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Thread: Was Shakespeare Italian and born in Italy?

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    Thumbs down Was Shakespeare Italian and born in Italy?

    Hello everybody, I liked studying Shakespeare in highschool and college, and watching plays on stage and on TV. I like England and everything English, rabbits, horses, dogs, cats, people, the countryside, but I have yet to actually go to England for vacation. It kind of burst my bubble when I was surprised to learn that Shakespeare was Italian, according to "Retired Sicilian professor Martino Iuvara claims that Shakespeare was, in fact, not English at all, but Italian. His conclusion is drawn from research carried out from 1925 to 1950 by two professors at Palermo University. Iuvara posits that Shakespeare was born not in Stratford in April 1564, as is commonly believed, but actually was born in Messina as Michelangelo Florio Crollalanza. His parents were not John Shakespeare and Mary Arden, but were Giovanni Florio, a doctor, and Guglielma Crollalanza, a Sicilian noblewoman. The family supposedly fled Italy during the Holy Inquisition and moved to London. It was in London that Michelangelo Florio Crollalanza decided to change his name to its English equivalent. Crollalanza apparently translates literally as 'Shakespeare'. Iuvara goes on to claim that Shakespeare studied abroad and was educated by Franciscan monks who taught him Latin, Greek, and history." I don't know what to do now. My knickers are in a twist.

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    Worthless Hack Zippy's Avatar
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    I suppose it's a testament to Shakespeare's enduring popularity that every country wants to claim him for his own!
    "We don't see things as they are, we see them as we are." Anais Nin.

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    Banned Turk's Avatar
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    I never heard this theory. But i've read some plagiarism accusations about W. Shakespeare. According to this theory he plagiarised some works of some İtalian poet's who never became famous.

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    In Arden with a book
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    That's a very interesting arguement, though I don't find it a particularly plausible one. First of all, I'm not familiar with Prof. Iuvara, but he has probably been studying literature for much longer than I have. However, there are a few inconsistencies I'd like to point out.
    There was definately a William Shakespeare born in Stratford that April. John Shakespeare's son, William, was christened and thereby documented in the town records. Of course, that still leaves the question of whether that particular Will Shakespeare wrote the famous plays, which many people have been debating for many years.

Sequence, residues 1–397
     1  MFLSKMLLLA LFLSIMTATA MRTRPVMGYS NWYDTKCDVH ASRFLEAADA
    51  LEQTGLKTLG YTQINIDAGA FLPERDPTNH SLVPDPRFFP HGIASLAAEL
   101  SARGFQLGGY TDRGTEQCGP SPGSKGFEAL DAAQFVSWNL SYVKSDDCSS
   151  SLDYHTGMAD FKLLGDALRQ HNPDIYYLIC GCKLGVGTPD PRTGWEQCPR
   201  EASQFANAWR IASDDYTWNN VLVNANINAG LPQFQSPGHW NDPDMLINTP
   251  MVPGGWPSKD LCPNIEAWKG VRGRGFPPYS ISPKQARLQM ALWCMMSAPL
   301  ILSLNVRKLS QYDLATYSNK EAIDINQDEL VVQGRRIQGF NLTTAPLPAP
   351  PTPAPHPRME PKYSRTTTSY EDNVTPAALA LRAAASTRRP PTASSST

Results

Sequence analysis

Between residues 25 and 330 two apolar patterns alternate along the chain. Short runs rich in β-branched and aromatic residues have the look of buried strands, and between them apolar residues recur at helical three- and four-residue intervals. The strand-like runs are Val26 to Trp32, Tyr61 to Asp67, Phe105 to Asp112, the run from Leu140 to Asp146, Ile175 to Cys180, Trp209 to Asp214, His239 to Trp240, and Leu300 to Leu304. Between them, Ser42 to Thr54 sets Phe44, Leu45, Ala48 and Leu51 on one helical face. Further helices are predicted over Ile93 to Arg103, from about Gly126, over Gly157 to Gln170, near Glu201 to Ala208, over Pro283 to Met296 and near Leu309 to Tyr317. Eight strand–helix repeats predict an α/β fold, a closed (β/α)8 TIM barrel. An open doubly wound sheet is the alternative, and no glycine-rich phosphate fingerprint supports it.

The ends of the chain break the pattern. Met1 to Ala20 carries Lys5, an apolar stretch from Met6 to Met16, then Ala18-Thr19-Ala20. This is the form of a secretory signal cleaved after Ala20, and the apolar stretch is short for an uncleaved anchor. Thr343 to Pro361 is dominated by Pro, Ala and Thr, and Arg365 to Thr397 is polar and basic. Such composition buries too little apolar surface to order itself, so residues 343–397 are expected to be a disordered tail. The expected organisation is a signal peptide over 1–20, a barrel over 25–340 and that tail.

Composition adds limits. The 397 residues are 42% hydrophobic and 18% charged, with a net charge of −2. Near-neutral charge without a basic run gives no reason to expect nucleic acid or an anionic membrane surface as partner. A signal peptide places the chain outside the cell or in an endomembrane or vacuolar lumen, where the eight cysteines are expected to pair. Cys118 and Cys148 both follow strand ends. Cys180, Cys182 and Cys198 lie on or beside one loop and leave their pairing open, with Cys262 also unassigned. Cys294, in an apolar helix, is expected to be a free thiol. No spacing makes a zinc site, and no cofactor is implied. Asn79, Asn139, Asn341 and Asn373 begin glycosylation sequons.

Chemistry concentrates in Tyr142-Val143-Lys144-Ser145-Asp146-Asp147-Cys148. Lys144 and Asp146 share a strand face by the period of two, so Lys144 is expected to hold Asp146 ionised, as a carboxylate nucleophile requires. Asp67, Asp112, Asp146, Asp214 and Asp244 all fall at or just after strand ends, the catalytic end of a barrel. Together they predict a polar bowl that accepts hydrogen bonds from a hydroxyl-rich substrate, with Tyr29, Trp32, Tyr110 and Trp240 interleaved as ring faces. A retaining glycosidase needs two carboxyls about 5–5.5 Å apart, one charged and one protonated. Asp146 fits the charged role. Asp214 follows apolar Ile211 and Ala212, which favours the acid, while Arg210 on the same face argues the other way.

Secondly, from an analytical point of view, Shakespeare's plays are pretty darned English. His use of the language, his ability to capture the English rhythms within the structure of blank verse, for example, suggests that it was his first language. His plays contain many patriotic and political themes. His sources include English history and mythology, from the recent history of the Wars of the Roses to the ancient stories found in Geoffrey of Monmouth's work. The cultural references, from ballads to folk tales to food, all speak long time residence in England, and looking at the plays, Shakespeare could have easily been educated in a Stratford grammar school.
    That is not to say that he did not get a continental education as well, as Iuvara suggests. His knowledge of European culture and stories, and his use of locations like Venice and Verona, suggest that he did at least travel abroad. There are several theories explaining why, including that he was a mercenary for a time, and that he left England because of religious issues (which is a whole other debate, right there).
    So while I would love to hear more about the Italian theory, I wouldn't get your knickers too twisted just yet, Angora.

    On Turk's comment about plagiarism--ah. Well, I'm neither denying that Shakespeare used/borrowed/stole, if you will, from many contemporary sources, or defending plagiarism in any way, but in Will's defence, please consider the time. Intellectual property wasn't defended very strictly. Poets and playwrights borrowed freely from one another. I can't think of very many plays of Shakespeare's, Marlowe's, or any one else of the time that are strictly 'original' as we would think of it today. Back then, the virtue lay not in where you got the idea, but with what you did with it.

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    Registered Usher vili's Avatar
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    I wouldn't personally pay any particular attention to theories like the one by Martino Iuvara. They come and go, and would seem to be largely motivated by the fact that Shakespearean criticism is one of the few areas of literary criticism where you can actually make money. Therefore, all sorts of weird theories are developed just in order to get things to print. While I don't mean to say that there is no chance of Shakespeare having been Italian, I still think the odds are about the same Shakespeare having been Chinese. Of course, if more substantial proofs can be presented, then the issue is different. But I doubt they ever will.

    To add to Rosalind's comments regarding Turk's point about Shakespeare's "plagiarism", the whole idea of artistic copyright was only really developed in the early 18th century. There are only two Shakespeare plays for which we don't know the sources: A Midsummer Night's Dream and The Tempest. All the others are "borrowed" from elsewhere. Yet, we don't love Shakespeare so much for his stories as for his delivery.

    As for his poetry, he like most of his contemporaries were much in debt to the Italians and Petrarch in particular, whose poetic conventions they followed (although through appropriating them into the English language and tradition). Yet, again, calling it "plagiarism" would not be entirely accurate.

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    Some contribution from Italy...

    Hello everyone,

    I am an Italian (please apologize in advance for any mistype or wrong spelling :-) living in the UK and I would like to contribute to the "querelle" about the origins of Shakespeare. I knew already about some allegations that he was Sicilian, but I never believed that. Obviously, such a personality would be a pride for every country.